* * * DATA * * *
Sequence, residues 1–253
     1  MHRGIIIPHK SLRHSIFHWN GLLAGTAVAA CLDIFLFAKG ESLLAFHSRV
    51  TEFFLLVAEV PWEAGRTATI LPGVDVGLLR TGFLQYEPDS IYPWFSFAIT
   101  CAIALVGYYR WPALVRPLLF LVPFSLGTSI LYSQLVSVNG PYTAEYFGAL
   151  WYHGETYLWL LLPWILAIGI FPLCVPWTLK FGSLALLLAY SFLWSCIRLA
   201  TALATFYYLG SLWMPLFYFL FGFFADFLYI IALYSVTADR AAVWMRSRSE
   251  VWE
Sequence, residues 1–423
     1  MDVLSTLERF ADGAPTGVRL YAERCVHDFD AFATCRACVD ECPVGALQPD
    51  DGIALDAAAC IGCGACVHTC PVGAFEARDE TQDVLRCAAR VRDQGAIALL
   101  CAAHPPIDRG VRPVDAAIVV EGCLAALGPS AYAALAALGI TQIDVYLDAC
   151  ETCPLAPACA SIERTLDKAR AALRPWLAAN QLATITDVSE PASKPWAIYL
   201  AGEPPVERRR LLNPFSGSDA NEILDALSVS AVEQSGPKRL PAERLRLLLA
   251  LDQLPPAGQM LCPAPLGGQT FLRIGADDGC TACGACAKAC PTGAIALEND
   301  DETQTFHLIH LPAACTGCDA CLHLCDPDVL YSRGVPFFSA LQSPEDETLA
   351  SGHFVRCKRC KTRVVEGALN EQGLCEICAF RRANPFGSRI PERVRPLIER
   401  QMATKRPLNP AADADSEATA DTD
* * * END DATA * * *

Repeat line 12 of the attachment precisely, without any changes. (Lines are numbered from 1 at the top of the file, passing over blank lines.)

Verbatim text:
   151  ETCPLAPACA SIERTLDKAR AALRPWLAAN QLATITDVSE PASKPWAIYL